We have all heard about land expropriation under Castro, and I don't wish to minimize the ordeal of thousands of refugees who left with only the shirts on their backs.  We did not know, however, that in the preceding Batista regime some wealthy landowners had accumulated over 100,000 acres, and many U.S. companies owned over 10,000 acres.  The Castro government divided these huge properties among new owners who could have up to 600 acres on the condition that they stay and work the land.  

With the launch of the U.S. embargo, Cuba was cut off from its #1 trading partner.  Our cold-war foe Russia was waiting gleefully in the wings, and soon after Castro declared Cuba a socialist state.  The Soviets helped “socialize” Cuba, and the remains of that structure remain in force today, far outlasting the communist state in Russia.  

Cubans claim that the two lasting legacies of the Castro era are universal literacy and universal medical care.  I did some fact checking:  Literacy did leap upwards, helped by an army of young urban idealists who dispersed across the countryside.  Before Castro, less than 60% of the country was literate; today over 99% of Cubans are literate, according to the CIA World Fact Book.

We passed little neighborhood medical clinics – all free.  How does that work?  According to the New England Journal of Medicine (01/24/2013): “For a visitor from the United States, the Cuban health care system seems unreal.  There are too many doctors.  Everybody has a family physician.  Everything is free, totally free — and not after prior approval or copay.  The whole system seems turned upside down.  It is tightly organized, and the first priority is prevention.  Although Cuba has limited economic resources, its health care system has solved some problems that ours has not yet managed to address.”  On the minus side, “Physicians get government benefits such as housing and food subsidies, but they are paid only about $20 per month.  Their education is free, and they are respected, but they are unlikely to attain personal wealth…  No market forces compel efficiency.”  Our economist told us that because everything is “free,” people come in with a headache and request a full body scan.  It’s hard to convey the concept of limited resources when full body scans are free.  But MRI equipment costs somebody – the government, hence the people – a pile of money.  

With the 1991 collapse of the Soviet Union, Cubans endured a brutally lean decade without the support of their benefactor.  Tourism, actively promoted to build foreign revenues, grew to three million visitors a year, a million from Canada alone.  The government initially segregated tourists from ordinary Cubans, but no such impediments exist today.  This new liberty gives a financial boost to owners of private residences, shops, restaurants and taxis.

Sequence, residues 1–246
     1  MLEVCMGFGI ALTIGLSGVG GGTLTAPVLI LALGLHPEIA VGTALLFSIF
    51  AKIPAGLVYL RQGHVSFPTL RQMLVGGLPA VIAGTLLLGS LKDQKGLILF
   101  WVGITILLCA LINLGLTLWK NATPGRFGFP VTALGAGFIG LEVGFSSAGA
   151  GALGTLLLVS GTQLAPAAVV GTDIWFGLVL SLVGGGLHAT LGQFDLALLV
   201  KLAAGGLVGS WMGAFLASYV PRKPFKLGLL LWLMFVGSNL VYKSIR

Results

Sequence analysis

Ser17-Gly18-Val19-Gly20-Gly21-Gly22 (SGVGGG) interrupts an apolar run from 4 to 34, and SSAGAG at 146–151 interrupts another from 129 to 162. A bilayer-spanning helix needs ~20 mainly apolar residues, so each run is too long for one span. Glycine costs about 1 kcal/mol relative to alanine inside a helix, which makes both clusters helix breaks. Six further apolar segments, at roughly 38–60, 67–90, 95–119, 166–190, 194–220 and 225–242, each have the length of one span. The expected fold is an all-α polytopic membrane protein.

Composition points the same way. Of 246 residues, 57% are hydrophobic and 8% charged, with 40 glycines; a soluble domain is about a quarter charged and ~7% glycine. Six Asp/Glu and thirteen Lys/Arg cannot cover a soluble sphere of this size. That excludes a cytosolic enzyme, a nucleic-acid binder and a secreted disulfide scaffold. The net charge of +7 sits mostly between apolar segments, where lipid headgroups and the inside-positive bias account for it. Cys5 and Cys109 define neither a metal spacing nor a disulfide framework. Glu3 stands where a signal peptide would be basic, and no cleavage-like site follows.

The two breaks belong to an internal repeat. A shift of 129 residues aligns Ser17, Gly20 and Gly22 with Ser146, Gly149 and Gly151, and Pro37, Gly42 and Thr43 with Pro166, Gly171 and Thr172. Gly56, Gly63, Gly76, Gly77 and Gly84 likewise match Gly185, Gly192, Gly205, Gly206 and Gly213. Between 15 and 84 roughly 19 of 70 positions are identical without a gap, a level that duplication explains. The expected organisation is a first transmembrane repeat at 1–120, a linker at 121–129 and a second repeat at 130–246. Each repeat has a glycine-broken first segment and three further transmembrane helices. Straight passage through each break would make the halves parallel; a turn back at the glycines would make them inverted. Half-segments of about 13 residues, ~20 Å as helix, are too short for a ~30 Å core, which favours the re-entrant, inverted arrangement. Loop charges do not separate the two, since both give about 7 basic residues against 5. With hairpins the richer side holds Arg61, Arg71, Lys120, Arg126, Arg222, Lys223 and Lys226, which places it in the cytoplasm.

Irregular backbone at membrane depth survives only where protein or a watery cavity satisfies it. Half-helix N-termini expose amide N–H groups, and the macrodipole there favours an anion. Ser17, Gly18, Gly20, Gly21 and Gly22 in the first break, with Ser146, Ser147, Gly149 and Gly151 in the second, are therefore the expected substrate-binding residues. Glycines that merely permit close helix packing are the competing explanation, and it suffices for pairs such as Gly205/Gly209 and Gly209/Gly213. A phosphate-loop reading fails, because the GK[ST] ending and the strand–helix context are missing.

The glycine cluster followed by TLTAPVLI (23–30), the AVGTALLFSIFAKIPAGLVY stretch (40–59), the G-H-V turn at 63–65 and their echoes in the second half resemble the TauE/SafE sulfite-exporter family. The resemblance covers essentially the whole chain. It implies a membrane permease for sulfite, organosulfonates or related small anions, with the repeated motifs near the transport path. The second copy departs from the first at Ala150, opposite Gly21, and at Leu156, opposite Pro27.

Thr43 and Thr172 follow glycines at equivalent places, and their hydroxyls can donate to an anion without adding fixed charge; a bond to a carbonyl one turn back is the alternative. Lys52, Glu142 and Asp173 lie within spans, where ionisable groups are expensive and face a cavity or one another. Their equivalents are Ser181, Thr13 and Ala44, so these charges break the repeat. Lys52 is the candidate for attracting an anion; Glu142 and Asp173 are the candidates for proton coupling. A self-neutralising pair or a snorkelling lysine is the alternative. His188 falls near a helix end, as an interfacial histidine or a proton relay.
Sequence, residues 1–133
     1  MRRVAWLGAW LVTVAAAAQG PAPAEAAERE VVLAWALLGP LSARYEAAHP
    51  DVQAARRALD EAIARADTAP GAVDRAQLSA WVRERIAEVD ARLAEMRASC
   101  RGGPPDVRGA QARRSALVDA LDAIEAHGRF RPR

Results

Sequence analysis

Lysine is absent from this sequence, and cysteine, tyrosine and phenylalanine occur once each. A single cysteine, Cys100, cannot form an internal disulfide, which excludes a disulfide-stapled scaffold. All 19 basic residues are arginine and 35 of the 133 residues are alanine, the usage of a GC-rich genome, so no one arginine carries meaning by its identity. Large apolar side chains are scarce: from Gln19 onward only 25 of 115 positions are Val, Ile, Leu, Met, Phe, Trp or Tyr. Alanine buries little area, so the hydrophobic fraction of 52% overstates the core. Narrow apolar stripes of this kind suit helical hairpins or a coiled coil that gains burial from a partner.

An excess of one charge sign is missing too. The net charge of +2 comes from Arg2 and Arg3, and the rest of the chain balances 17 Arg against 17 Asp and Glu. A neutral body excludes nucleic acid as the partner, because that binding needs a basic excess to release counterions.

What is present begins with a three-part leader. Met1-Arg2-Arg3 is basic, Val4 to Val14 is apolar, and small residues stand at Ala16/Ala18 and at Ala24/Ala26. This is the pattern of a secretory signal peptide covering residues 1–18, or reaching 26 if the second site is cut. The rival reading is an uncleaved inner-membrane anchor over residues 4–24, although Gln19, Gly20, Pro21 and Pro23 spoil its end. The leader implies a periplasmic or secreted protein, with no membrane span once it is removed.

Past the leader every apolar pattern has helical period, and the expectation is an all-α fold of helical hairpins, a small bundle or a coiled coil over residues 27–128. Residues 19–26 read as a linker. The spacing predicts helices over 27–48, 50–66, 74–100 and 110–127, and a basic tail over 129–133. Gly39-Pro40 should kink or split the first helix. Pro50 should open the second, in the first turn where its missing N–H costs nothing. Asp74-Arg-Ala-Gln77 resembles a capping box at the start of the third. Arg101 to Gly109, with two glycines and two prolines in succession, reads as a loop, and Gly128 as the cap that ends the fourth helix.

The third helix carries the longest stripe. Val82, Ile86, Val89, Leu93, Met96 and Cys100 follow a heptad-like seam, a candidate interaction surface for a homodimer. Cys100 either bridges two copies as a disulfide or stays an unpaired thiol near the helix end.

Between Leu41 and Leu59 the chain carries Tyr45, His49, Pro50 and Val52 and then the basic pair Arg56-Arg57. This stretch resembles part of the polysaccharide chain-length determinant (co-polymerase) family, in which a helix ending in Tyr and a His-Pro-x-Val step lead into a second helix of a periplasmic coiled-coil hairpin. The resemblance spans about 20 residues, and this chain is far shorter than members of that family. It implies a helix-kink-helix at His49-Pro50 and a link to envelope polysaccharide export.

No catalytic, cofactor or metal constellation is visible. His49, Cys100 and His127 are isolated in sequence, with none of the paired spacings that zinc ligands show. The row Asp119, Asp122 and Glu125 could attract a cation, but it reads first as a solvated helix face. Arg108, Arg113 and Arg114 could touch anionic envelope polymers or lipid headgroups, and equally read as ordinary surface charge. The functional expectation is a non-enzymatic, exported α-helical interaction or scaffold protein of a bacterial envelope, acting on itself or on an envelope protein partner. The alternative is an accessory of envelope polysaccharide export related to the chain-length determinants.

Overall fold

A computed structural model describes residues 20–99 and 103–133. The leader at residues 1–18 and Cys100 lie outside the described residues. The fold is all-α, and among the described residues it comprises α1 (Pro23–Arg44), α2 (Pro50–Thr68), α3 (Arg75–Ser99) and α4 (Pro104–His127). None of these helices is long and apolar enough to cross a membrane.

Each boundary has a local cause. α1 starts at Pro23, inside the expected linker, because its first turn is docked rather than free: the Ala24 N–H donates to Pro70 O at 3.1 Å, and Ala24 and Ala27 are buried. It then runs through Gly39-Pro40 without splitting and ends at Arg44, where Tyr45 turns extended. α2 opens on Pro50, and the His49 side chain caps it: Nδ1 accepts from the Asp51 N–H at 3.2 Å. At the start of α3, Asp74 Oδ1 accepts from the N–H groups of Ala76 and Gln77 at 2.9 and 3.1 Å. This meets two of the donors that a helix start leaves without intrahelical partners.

We asked the economist what will happen when Raul Castro retires in 2018 (at age 86).  If the U.S. lifts the embargo, he doubts that U.S. companies will return to control, since other countries (Canada, EU, Israel, China, ...) are already well established.  The dual currency system must merge into a single currency within the next few years, but the transition must be made gradually to avoid crippling inflation.  Conditions are already liberalizing; locals can now buy and sell their houses.

Well then, how about travel?  Anyone is permitted to get a passport.  A few years of hard work in the underground economy could provide enough money for a plane ticket.  But a visa to visit another country?  That’s another matter entirely, and many a proud bearer of a new passport is disappointed to hear that they must be accepted by the prospective host country.  So most Cubans are still stuck, for now.


Sometimes a cigar is just …

“In Cuba, everything is impossible, but also everything is possible.”  People find a way.  

One evening Margaret and I enjoyed a leisurely dinner away from our guides.  (The group was going to hear the Buena Vista Social Club.  Okay, so you’re scandalized that we went out to dinner instead.  But you’re not surprised.)  It was our finest dining experience in Cuba, at a privately-owned cafe near the Cathedral square. 

After dinner we strolled around Old Havana and then settled in to a café in Plaza de la Catedral for music, aged rum, and fine Havana cigars. 

For the trip back to the hotel, we decided we must experience a ride in one of the lovingly maintained American classic cars.  We negotiated a ride with he owner of a very cherry 1957 Ford Crown Victoria.  This was apparently date night – his wife was spending the evening riding shotgun – and the mood was festive. 

He turned on the music, and when he realized his choice of old Beatles tunes was a good one, he cranked it up.  We sailed down the Malecón (esplanade along the sea wall), all singing at the top of our lungs.  We pulled up to the hotel’s porte-cochère to the final bars of She Loves You.  “Yeah, yeah, yeah, YEAH!”  It was a fine, fine moment.

We were so sorry to see the ride end.  We had negotiated a fare of $6 but gladly paid $10, the equivalent of half a month’s official salary.  What pleasure to share happy moments with some enterprising Cubans!